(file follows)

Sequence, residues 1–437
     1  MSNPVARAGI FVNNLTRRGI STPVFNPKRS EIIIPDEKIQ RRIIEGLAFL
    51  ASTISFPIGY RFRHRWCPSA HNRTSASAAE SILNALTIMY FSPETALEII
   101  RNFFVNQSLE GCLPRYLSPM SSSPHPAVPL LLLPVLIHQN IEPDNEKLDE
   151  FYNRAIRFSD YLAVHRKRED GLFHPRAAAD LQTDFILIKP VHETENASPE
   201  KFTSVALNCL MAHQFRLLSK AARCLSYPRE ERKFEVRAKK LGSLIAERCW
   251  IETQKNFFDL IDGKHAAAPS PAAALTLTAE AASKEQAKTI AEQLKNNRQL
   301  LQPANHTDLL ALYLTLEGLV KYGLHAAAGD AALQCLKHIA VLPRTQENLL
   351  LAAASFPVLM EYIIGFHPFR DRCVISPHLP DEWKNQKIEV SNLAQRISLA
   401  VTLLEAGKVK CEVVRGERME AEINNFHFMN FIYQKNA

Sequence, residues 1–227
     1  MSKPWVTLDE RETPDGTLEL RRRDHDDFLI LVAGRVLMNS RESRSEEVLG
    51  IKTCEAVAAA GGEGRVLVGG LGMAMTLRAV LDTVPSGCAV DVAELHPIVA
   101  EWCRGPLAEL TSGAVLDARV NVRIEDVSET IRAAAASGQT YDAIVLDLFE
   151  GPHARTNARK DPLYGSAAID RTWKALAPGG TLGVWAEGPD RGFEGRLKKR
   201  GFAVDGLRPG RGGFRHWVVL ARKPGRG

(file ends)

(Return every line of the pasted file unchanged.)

Sequence, residues 1–437
     1  MSNPVARAGI FVNNLTRRGI STPVFNPKRS EIIIPDEKIQ RRIIEGLAFL
    51  ASTISFPIGY RFRHRWCPSA HNRTSASAAE SILNALTIMY FSPETALEII
   101  RNFFVNQSLE GCLPRYLSPM SSSPHPAVPL LLLPVLIHQN IEPDNEKLDE
   151  FYNRAIRFSD YLAVHRKRED GLFHPRAAAD LQTDFILIKP VHETENASPE
   201  KFTSVALNCL MAHQFRLLSK AARCLSYPRE ERKFEVRAKK LGSLIAERCW
   251  IETQKNFFDL IDGKHAAAPS PAAALTLTAE AASKEQAKTI AEQLKNNRQL
   301  LQPANHTDLL ALYLTLEGLV KYGLHAAAGD AALQCLKHIA VLPRTQENLL
   351  LAAASFPVLM EYIIGFHPFR DRCVISPHLP DEWKNQKIEV SNLAQRISLA
   401  VTLLEAGKVK CEVVRGERME AEINNFHFMN FIYQKNA

Sequence, residues 1–227
     1  MSKPWVTLDE RETPDGTLEL RRRDHDDFLI LVAGRVLMNS RESRSEEVLG
    51  IKTCEAVAAA GGEGRVLVGG LGMAMTLRAV LDTVPSGCAV DVAELHPIVA
   101  EWCRGPLAEL TSGAVLDARV NVRIEDVSET IRAAAASGQT YDAIVLDLFE
   151  GPHARTNARK DPLYGSAAID RTWKALAPGG TLGVWAEGPD RGFEGRLKKR
   201  GFAVDGLRPG RGGFRHWVVL ARKPGRG